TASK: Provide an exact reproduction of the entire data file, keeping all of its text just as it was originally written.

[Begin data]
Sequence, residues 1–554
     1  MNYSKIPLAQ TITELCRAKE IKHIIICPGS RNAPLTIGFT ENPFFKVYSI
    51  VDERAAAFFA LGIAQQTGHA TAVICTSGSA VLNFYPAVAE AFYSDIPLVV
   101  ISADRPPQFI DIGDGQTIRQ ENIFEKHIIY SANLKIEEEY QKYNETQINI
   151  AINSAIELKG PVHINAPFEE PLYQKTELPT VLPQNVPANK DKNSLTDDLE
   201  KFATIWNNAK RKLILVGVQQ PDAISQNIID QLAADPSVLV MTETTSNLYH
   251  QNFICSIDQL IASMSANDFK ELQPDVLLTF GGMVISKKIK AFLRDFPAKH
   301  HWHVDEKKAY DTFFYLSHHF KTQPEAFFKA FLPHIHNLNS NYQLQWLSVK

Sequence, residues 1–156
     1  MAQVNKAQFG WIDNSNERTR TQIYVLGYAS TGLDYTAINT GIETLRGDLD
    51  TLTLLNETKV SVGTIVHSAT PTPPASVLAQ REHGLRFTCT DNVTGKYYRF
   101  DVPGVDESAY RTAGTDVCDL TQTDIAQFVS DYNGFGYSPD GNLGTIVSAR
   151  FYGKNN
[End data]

Sequence, residues 1–554
     1  MNYSKIPLAQ TITELCRAKE IKHIIICPGS RNAPLTIGFT ENPFFKVYSI
    51  VDERAAAFFA LGIAQQTGHA TAVICTSGSA VLNFYPAVAE AFYSDIPLVV
   101  ISADRPPQFI DIGDGQTIRQ ENIFEKHIIY SANLKIEEEY QKYNETQINI
   151  AINSAIELKG PVHINAPFEE PLYQKTELPT VLPQNVPANK DKNSLTDDLE
   201  KFATIWNNAK RKLILVGVQQ PDAISQNIID QLAADPSVLV MTETTSNLYH
   251  QNFICSIDQL IASMSANDFK ELQPDVLLTF GGMVISKKIK AFLRDFPAKH
   301  HWHVDEKKAY DTFFYLSHHF KTQPEAFFKA FLPHIHNLNS NYQLQWLSVK

Sequence, residues 1–156
     1  MAQVNKAQFG WIDNSNERTR TQIYVLGYAS TGLDYTAINT GIETLRGDLD
    51  TLTLLNETKV SVGTIVHSAT PTPPASVLAQ REHGLRFTCT DNVTGKYYRF
   101  DVPGVDESAY RTAGTDVCDL TQTDIAQFVS DYNGFGYSPD GNLGTIVSAR
   151  FYGKNN